News & Events

An Invitation to Our Advent Retreat

Submitted by Sister Charlene Herinckx, Superior General, Sisters of St. Mary of Oregon

Father Bob Barricks

December! Such a busy time!  Many resolutions such as shopping earlier next year and getting an early start on the Christmas card list are perennial aspirations.

To get the Advent season started in a peaceful and joyous way, consider coming to the Advent Retreat hosted by the Sisters on November 30.

The day will begin with a presentation by Fr. Bob Barricks, familiar to many students and parents on campus for presiding at elementary school Masses.  His presentation will aid us in preparing our hearts for this wonderful season that anticipates the celebration of Christmas.

Following his presentation there will be a short time for prayerful reflection before Mass.  Lunch will follow Mass and then Fr. Bob will make another presentation before the retreat ends at 2:00 p.m.

Please let Sr. Noreen (srnoreeno@ssmo.org) know of your intention to attend so that we  have an accurate count for lunch.  Cost: a free-will offering.

Share

Meet the Sisters: Sister Marie Bernadette George

“I had a great love for God and Our Mother Mary, and I wanted to share that love with others.”

In her own words, Sister Marie Bernadette George shares her journey from Holy Cross Parish to the Sisters of St. Mary of Oregon (SSMO).

We are proud to honor her ministry and service.  Photos of Sr. Marie Bernadette’s life and ministry are available on our Flickr site.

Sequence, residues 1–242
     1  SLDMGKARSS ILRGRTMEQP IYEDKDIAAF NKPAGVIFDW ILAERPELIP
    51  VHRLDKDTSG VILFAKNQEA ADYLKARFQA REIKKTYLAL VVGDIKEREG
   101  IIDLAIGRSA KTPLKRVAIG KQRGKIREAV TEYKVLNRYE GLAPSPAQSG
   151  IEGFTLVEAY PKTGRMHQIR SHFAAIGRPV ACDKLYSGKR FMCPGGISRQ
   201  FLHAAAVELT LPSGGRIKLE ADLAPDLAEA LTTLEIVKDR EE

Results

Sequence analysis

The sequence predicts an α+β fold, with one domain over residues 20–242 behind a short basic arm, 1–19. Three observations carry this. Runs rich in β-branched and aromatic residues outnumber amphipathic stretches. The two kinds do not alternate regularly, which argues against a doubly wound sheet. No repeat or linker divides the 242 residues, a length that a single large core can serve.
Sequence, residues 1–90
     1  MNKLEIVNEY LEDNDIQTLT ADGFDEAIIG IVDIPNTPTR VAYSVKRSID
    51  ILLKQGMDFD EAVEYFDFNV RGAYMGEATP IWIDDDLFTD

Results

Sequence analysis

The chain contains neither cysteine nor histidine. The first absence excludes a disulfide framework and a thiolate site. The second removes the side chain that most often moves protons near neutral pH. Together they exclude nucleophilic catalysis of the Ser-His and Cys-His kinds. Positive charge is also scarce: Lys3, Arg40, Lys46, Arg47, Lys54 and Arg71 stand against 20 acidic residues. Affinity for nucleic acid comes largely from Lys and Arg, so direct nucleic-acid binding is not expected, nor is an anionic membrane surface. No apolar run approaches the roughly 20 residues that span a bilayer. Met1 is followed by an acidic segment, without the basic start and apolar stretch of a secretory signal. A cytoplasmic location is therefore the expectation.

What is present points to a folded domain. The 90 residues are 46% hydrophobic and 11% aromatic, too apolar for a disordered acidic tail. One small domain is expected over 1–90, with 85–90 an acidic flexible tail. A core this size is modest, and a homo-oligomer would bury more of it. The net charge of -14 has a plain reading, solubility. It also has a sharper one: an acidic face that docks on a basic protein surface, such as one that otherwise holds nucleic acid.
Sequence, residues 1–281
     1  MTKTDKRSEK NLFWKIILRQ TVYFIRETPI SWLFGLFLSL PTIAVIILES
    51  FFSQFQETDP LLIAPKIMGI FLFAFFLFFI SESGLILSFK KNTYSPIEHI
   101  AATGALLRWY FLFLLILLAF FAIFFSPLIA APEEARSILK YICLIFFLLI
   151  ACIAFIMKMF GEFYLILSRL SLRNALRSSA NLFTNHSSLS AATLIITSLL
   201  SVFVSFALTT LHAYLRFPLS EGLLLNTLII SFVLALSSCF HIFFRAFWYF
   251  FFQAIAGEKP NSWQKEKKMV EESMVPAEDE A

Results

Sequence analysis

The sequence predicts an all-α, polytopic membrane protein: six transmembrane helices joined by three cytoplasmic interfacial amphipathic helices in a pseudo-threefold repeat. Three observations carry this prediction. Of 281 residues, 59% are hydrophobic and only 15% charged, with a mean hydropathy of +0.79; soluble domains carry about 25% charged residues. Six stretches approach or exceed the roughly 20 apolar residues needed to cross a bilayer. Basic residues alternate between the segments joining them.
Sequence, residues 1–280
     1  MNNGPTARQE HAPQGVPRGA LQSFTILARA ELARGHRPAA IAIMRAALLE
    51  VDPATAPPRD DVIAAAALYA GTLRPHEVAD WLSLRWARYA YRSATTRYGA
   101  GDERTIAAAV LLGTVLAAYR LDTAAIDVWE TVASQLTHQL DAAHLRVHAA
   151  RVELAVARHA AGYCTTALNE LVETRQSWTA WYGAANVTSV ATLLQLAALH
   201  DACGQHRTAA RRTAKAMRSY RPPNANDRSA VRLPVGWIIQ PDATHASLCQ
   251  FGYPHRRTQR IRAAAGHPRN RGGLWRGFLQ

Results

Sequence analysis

Sister Marie Bernadette George

My family lived in Holy Cross Parish and it was in the sixth grade that I first thought about becoming a Sister. Sr. Baptista, a very charismatic religion teacher, seemed to be on fire with the love of God.  She inspired her students with her loving example.  With that same love, the girls would make visits to the church at recess, noon hour and after school just to be with Jesus in the Blessed Sacrament.

My family was very religious.  We would say the rosary every evening after dinner. I lived next door to my grandparents, aunt and uncles and I would go with them to Our Mother of Perpetual Help novenas on Tuesday evening and to Mass on Saturday morning. We lived about a mile from church and did not own a car, so we would walk to church. I would go to the Grotto on the bus with my aunt and we would meet my uncle there for the St. Ann Novena.

I had a great desire to go to a Catholic high school so I worked my way through Immaculata Academy. I felt it was a great and wonderful sacrifice, since I had to take several buses to get there. While on the bus, I would pray and ask God to help me to know my vocation. I also prayed to St. Joseph every night and asked him for help. My mother, aunt, uncles, my two sisters, my brother and I were all taught by the Sister of St. Mary of Oregon. The Sisters had a great influence on my family. Some of my siblings were taught by the same Sisters who taught my mother.

Sr. Andre Campau was my seventh and eighth grade teacher; she invited some of her former students to come for the profession ceremony on August 15. When I went to the profession ceremony, Sister Andre asked if I wanted to come as an aspirant to see if I liked religious life. I came in September 1954 and was received into the community as a postulant in February 1955.